The Dones, Rob Bell, and the Future of Progressive (and Evangelical) Christianity

The Dones, Rob Bell, and the Future of Progressive (and Evangelical) Christianity July 31, 2015

Photo: Brett Thatcher, Creative Commons 4.0 via #InstaBLAM
Photo: Brett Thatcher, Creative Commons 4.0 via #InstaBLAM

A few days ago I wrote a piece on my personal blog about “Graduating.”
It was partly a reflection on the story of Rob Bell and how it resonates with my own. It was also about the “Dones” and “post-church” category and how I identify not with the category itself, but with certain elements of the category even as I carve out my own path ahead.

I am “done” – with evangelical church as usual. I’m done with any ministry obligation to that category and identity. I can’t do it anymore, and neither can my family.

In that sense, I am graduating.

That said, there is a flip side to the equation, and one that makes this promotion an emotional and spiritual move up rather than merely an ideological move left. Really, I find myself just as disinterested in being a good progressive as I am in being a good evangelical. This is a moving forward in that strange lane sometimes called the messy middle.

The day after I wrote my graduation post (amazing timing!), Jim Wellman (who literally wrote the book on Rob Bell) wrote his entry in the Patheos Public Square on the future of Progressive Christianity. The gist of his piece is that the “Dones” or “post-church” leaders like Rob Bell are emblematic of the fact that progressive churches don’t have much of a future. There’s just not enough reason for progressives to stay committed to church institutions, because their primary concern is championing the popular justice issues of the day, and their leaders can be accessed through other means (books, conferences, blogs, etc.).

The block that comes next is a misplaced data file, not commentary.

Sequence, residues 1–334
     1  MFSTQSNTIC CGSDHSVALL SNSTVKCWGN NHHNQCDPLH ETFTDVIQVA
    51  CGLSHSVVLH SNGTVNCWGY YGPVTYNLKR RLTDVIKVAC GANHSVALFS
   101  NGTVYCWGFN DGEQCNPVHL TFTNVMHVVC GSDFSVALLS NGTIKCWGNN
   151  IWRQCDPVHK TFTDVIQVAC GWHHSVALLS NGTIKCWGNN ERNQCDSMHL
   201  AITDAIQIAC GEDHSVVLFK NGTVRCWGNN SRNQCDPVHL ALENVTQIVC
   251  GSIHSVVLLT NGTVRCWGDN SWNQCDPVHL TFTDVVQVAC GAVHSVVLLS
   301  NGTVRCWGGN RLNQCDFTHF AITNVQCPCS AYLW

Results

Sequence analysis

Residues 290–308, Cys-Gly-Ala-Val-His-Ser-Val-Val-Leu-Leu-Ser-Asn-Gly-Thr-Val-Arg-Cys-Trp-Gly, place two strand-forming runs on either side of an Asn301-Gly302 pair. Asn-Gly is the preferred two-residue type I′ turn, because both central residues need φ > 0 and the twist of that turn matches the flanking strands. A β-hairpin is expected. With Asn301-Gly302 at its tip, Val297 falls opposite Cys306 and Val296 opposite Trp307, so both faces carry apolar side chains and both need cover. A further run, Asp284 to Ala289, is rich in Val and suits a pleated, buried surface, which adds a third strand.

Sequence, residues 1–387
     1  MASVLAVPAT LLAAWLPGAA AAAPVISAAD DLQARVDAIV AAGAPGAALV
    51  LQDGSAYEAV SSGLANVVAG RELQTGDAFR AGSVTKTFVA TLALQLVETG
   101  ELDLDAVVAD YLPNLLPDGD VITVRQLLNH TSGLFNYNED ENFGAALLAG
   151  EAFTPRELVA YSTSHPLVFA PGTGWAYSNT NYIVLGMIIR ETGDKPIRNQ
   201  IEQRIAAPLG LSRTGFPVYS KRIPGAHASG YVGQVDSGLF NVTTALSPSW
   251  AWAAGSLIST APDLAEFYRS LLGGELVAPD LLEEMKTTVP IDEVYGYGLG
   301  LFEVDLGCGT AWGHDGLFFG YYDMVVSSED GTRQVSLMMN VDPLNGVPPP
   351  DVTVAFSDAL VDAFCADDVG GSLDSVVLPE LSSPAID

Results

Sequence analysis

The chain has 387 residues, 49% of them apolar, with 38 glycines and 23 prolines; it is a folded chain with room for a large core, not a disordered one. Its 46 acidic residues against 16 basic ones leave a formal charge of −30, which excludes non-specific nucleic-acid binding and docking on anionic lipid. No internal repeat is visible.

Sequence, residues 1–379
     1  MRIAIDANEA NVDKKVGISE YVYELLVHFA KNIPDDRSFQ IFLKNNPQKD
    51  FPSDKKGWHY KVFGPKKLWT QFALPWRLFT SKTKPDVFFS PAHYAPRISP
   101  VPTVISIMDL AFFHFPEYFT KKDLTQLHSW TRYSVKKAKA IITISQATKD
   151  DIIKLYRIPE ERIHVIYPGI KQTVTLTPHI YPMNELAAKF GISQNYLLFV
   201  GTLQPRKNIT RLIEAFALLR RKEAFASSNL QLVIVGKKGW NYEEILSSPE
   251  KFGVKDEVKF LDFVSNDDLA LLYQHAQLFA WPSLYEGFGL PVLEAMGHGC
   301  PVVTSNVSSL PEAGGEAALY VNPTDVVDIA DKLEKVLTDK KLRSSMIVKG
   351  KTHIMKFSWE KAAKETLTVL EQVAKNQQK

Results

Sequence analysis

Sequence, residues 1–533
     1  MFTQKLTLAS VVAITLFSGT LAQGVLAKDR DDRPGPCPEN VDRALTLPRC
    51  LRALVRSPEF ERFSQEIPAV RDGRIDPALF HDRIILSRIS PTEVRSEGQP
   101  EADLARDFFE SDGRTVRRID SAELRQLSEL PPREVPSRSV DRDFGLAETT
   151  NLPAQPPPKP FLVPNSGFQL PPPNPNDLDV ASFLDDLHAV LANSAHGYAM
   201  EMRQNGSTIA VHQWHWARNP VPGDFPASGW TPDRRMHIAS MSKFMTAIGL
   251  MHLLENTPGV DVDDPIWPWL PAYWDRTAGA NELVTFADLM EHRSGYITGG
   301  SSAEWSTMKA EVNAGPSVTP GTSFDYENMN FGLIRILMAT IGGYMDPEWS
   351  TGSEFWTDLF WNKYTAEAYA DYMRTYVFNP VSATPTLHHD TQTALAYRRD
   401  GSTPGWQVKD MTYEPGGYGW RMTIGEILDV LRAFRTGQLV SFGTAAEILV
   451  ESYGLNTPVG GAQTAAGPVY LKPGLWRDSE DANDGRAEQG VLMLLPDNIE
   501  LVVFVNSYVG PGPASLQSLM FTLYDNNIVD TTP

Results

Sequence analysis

Here’s Jim:

And so goes Progressive Christianity—from my perspective it lacks the social infrastructure that creates and sustains a social movement; its leaders are spiritual entrepreneurs rather than institution builders; their following is dispersed and has no motivation to gather together on a regular basis, except perhaps to hear a speech on their favorite writers newest book.

I just don’t see a robust future for this movement at this point.

Last month, Patheos Public Square hosted the conversation on the future of Evangelicalism, and an article from my friend John Hawthorne pushed a bit from the other side. John’s findings hint at a conflicted, decentered evangelical expression in America, such that growing hostility and exclusivism from the most conservative culture-war types will continue to both push dissenting evangelical voices out and push evangelicalism itself further into irrelevance.

Here’s John:

The next decade of evangelical life will be hotly contested within the group we’d consider as convictional Christians. The question, as Baylor theologian Roger Olson wrote this month, is whether the evangelical tent is large enough to handle the discussions and differences.

It would serve evangelicals well in the coming decade to return to David Bebbington’sdefinitional criteria for evangelicalism: high regard for scripture, the importance of Christ’s death on the cross, the need for conversion, and the need to share God’s Good News.

I think Jim and John are both right – and the future of the church in America will not lie on the progressive OR (conservative) evangelical “sides,” though certainly core elements of each can remain intact. Instead, the future will take shape as those who jettison their sense of allegiance to cultural evangelicalism AND to cultural progressivism move forward in that messy middle lane. This will mean a rethinking and reforming of the institutions, but not a total abandonment of them. I am inspired by the Dones and post-church crowd, but I am most interested in what it looks like to make use of the institutional structures to keep Eucharistic worship central and streamline everything else to emphasize God’s everyday mission in the world.

We need to take a lesson from those who are fully post-church but apply it to the future-church.

This is what I’ll be arguing for (Jesus-willing) in my forthcoming book After the Apocalypse. Because what we need now are not more cultural progressives and evangelicals, as both, I believe, are passing away in the current apocalypse of Christianity’s decline.

What we need now are post-apocalyptic believers, willing to defy categories and rebuild on the existing structures in completely new and compelling ways.

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